Are you a tender soul? I think that you are. A sort easily tindered. I tend to think we are all fragile, combustible, permeable, and potentially explosive. I feel for all of the people I know—tender and loving and full of compassion—like us who chafe against the rough implications of now. And we, at least us white, middle class urban dwelling Oregonians (I say “us” because I am mixed race, both Native and white), we live in a swaddled world immune from the more searing stuff of the planet and other people, places.
Speaking of swaddled world, I wonder if you’ve been watching from a distance the North Dakota Pipeline resistance. In September of 2016, the Standing Rock Sioux Tribe submitted court papers that named locations along and near the pipeline as home to sacred sites and artifacts, as well as their primary water source.
Soon after the tribe delivered those papers, construction crews jumped the line and started bulldozing. This fired a protest by Native leaders and non-Native peoples countrywide that has received a great deal of attention. It’s also generated hope. The fight continues as you read this, on through the winter and into spring.
While the resistance in North Dakota has had the nation’s attention, every day tribes take less dramatic but no less important strategic action to protect sacred sites and sacred resources. Such actions are taken in the name of sovereignty and in the name of natural resource protection, and they create a tribal precedent that could educate and gather us all.
Think of Washington State’s Lummi Tribe in their recent win against Big Coal at Cherry Point, near Bellingham, Washington, where they blocked a massive coal export terminal. Think of the Mescalero Apache’s powerful refusal to store nuclear waste, or the clever use of the historic register of the Nantucket Sound by the Wapanoag to slow development of a controversial windfarm, or think of the daily dedication of Tribal Natural Resource and Cultural professionals to preserve and protect what belongs by government treaty to tribal peoples.
There are lessons in the struggles occurring in Indian Country, and how contemporary tribal peoples respond to threats shows us about how to unite against the most consuming threat of all—climate catastrophe. Tribes have had to foster and fight for their resources against a hostile government and occupying enemy, and thus they have an edge in the fight. Tribes in the West are also land owners, and they own hundreds of thousands of acres of forest land. The dual impact of climate change and fires hits reservation tribal people especially hard. For starters, they may be reliant on the land for traditional food sources, such as huckleberries, which provide vital nutritional and spiritual sustenance.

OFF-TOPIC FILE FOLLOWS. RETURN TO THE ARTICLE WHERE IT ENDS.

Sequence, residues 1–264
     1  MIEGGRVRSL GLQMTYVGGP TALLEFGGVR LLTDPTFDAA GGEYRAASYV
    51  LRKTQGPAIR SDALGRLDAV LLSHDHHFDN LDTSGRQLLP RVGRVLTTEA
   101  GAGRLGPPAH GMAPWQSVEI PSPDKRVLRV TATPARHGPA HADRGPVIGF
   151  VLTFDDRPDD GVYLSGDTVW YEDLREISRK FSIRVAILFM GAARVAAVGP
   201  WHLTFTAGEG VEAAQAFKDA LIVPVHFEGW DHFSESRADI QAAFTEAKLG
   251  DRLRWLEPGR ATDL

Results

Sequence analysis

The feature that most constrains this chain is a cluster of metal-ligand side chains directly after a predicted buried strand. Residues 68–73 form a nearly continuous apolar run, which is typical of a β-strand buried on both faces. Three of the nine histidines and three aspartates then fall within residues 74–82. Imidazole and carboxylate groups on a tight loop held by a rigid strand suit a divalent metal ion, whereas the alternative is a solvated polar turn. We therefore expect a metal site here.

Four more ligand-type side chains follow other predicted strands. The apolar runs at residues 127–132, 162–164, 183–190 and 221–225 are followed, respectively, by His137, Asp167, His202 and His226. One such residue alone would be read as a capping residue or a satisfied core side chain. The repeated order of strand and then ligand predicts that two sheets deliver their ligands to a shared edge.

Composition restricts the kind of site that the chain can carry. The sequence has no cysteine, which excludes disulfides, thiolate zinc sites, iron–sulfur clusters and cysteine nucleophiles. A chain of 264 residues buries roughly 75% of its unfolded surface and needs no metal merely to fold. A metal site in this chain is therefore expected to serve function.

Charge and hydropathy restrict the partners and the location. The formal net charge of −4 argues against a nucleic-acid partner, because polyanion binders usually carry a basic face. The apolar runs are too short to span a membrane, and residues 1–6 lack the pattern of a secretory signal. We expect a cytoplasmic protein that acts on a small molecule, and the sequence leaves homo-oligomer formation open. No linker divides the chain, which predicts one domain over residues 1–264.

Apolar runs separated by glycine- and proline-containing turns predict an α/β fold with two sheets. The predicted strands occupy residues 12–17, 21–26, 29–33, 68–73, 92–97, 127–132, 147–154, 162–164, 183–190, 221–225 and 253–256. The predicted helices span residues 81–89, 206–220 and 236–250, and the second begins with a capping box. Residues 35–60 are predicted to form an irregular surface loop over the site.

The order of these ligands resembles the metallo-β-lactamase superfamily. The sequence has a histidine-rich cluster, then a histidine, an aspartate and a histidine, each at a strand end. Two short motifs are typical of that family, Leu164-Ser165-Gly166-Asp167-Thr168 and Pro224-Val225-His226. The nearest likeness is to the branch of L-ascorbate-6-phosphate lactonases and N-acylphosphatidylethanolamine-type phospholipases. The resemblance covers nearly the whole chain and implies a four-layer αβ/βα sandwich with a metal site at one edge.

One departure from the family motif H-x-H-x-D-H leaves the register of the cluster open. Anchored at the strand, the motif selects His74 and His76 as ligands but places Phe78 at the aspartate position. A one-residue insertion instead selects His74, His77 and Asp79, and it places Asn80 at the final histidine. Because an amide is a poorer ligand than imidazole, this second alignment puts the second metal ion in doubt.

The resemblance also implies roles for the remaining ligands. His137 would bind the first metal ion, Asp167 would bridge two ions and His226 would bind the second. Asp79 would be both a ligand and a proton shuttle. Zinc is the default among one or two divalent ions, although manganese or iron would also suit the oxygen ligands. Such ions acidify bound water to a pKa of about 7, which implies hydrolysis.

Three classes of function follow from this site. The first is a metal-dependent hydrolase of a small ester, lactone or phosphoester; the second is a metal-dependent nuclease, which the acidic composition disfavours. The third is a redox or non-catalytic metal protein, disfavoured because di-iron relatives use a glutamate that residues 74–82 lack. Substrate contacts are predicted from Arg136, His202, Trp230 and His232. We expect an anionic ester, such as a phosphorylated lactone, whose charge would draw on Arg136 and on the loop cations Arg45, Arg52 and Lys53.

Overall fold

Huckleberries, for many of the tribes in Oregon, are a sacred first food. A hot wildfire, the kind so common now, threatens these food resources, and it threatens tribal culture, too. The megafires that now burn in the west are not only a result of climate change, but they also contribute to and accelerate climate change. The situation is dire.
Do you recall the smoke that filled our city in the summer of 2015? I hear that it happened because the prevailing winds were unusual, and cast us and our city into obscurity. Were you there that day? What was going through your mind? What were you breathing?
I wasn’t in Portland in August of 2015, because I was in the mountains and in the fire that summer, the edges of it licking the small town where I stayed, absorbing all the places, the things, the animals that—for me—are people. Coyote was crying day and night. Owl came down to spread warning. The animals are people. And in the summer of 2015, at the Warm Springs Reservation, a place and people I think of often, a huge fire was raging and the wild horses were crying out in fear, trying to outrun the blaze.
The fires of 2015 were sensational but no longer unusual. Such mega fires burn with questions about what’s happening on our planet, and what’s happening to our Oregon tribes, especially those on the “dry side” east of the Cascades, where conditions—created by years of official fire policy—are set for more and hotter fires.
These fire policies are largely determined by the Forest Service, which owns more than 60 percent of the 30 million acres of forest lands in Oregon. Fire suppression was at the core of the agency’s history from the time of its founding in the early 1900s. In 1935, they established the 10 a.m. policy, which mandated that fires should be put out no later than the morning after they were reported. In the 1960s, however, they discontinued this practice in response to the growing scientific and popular understanding that fire was an important and necessary process to ensure forest health and new growth.
Intentionally using fire as a tool in this way is known as prescribed—or controlled—burning, and it’s a practice that Yolanda Yallup, a Yakama and Wasco firefighter, is passionate about.
Yolanda is emblematic of the kind of collaboration I envision when I think of tribal people and cooperative efforts to save our environment and home. She is from a family of women who fight fires, working as a Hot Shot in the summer of 2008 and an engine driver at Warm Springs in 2015, fighting the Carpenter Road Fire in Spokane.
Driven to do more than just fight fires, she recently left Warm Springs to work as a tri-regional fuels monitor for the Bureau of Indian Affairs in Portland and to study full time in the forest ecology program at Central Oregon Community College, where she is learning everything she can about prescribed burns.
She is now one of the nearly 80 percent of Native people in Oregon who live off reservation.